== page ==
The Florida law seems to apply to Zimmerman & his defense attorney used it in his advantage in a state that has very loose gun control. He and Martin got into an altercation–which the defense argues was instigated by Martin– and as a result, Zimmerman “justifiably” shot his “attacker.”

But would this be justifiable? There is a lot that can be said about the unequal use of force and unfortunately, Martin isn’t alive to tell his side of this tragedy. Some portray this as a man who became a vigilante. He thought that Treyvon was “suspicious;” he then follows this young man while being advised by 911 dispatcher to stand down. As a result, there is an altercation and a subsequent death of Treyvon Martin. Again, the defense for George Zimmerman argued that it was Treyvon Martin who initiated the altercation between himself and Zimmerman (The defense’s arguments are articulated here: CBS News Reporting on Zimmerman Defense).

What is being paralleled to this incident is the case of Marissa Alexander of Florida. In Marissa’s case, she did NOT  kill or physically shoot her perceived threat–an ex-husband who was threatening her at her doorsteps. She was ultimately charged with aggravated assault with a deadly weapon and sentenced with the maximum sentence this charge carries: a hefty 20 year sentence. Though she pleaded not guilty due to the very “Stand Your Ground” law in Florida, the courts ruled that “Stand Your Ground” law did not apply to Marissa for she fired shots into the air  as warning shots against her ex-husband and not to avoid any imminent threat to her life. Additionally, the courts ruled that because Marissa retreated into her home after firing her warning shots, she had the means not to use deadly force since she had means to escape her threat. She was also charged for endangering her ex-husband and her children because she had fired it into the air (here is an article on the issue via a Chicago Tribune article). Now, domestic violence adds a whole other layer to Marissa’s story because it shows a connection with her would-be victim: her husband. Now why is Marissa’s story being paralleled to that of George Zimmerman? Mainly, I believe it is because of the application of the same “Stand Your Ground” law towards Zimmerman.

Some will say that there is a heavily racist system of justice when juxtaposing these cases. Other will argue that there is actually an overemphasis on the issue of race. I will argue that it is hard to juxtapose these two cases but there is clearly injustice in how these two crimes were prosecuted. Race also cannot be overemphasized, but it can’t be negated as a non-issue either.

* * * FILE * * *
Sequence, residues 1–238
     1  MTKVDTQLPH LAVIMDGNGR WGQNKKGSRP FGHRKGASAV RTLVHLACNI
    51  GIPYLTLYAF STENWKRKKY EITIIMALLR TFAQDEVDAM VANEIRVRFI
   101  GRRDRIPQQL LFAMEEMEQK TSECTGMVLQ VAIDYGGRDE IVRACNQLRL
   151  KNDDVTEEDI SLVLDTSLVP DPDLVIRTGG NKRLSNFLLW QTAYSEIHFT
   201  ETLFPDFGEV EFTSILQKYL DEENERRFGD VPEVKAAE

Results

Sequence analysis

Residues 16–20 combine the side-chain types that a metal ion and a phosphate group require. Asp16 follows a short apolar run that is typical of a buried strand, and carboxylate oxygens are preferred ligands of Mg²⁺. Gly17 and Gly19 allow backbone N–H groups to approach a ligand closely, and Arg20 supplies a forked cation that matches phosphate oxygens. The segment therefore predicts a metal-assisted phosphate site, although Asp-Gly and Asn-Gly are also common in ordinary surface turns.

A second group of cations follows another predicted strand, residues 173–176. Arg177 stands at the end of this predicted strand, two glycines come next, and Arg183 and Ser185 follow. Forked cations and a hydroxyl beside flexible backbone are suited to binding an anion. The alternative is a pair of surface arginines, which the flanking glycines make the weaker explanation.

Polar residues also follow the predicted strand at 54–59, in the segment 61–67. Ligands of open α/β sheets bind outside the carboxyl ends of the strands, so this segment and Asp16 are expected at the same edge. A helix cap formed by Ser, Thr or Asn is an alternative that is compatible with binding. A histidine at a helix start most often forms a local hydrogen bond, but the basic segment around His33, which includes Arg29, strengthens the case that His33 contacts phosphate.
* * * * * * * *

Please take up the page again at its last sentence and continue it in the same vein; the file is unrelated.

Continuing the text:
Why was it that Marissa Alexander, a black woman, received the maximum sentence? Why did the jury only take 12 minutes to rule that Alexander was guilty?

Now you may be asking. how does this relate to the Zimmerman case?  I first wondered myself how a woman–who shot at her ex-husband whom has a history of domestic violence against her–received a punishment holding her “accountable” to her actions, why wasn’t George Zimmerman? I think this is due to a legal loophole.

Zimmerman was charged with 2nd Degree murder and hate crime charges. The state of Florida defines a hate crime against a persons as a crime, “in which the perpetrator intentionally selects the victim based on one of the following characteristics: race, color, religion, ethnicity, ancestry, national origin, sexual orientation, advanced age or mental/physical disability”. And though our media depicts defendants as “guilty until proven innocent” our judical system functions with the benefit of the doubt that all are innocent until proven guilty. As the defense painted a picture of Treyvon Martin instigating the fight that broke between the two, self-defense seemed “justifiable. ”

However, that is one narrative that was spoken that day. Treyvon Martin is dead and cannot speak for himself how that night played out. As Martin Bashir articluates here, Martin was ultimately caricaturized  with “an identity that implies criminality, juvenile delinquency, and all around characteristics of a trouble maker ” as Mr. Bashir phrased it. Limited narratives  can often be perpetuated. However, with every narrative, there is a counter-narrative.

Let’s  not forget this narrative: George Zimmerman WAS still responsible for this young man’s death. Perhaps not criminally responsible–as ruled by the courts– but he had facilitated in causing the death of Treyvon Martin. There indeed is a tragedy that he will not be held accountable at all to Martin’s death. Perhaps if aggravated assault with a deadly weapon–as was the case for Marissa Alexander–was added to George Zimmerman’s charges, he too would have gotten the maximum sentence for his actions that night.

The acquittal of Zimmerman also goes to show that race may not have been a determining factor but it definitely is an integral element in how this incident played out.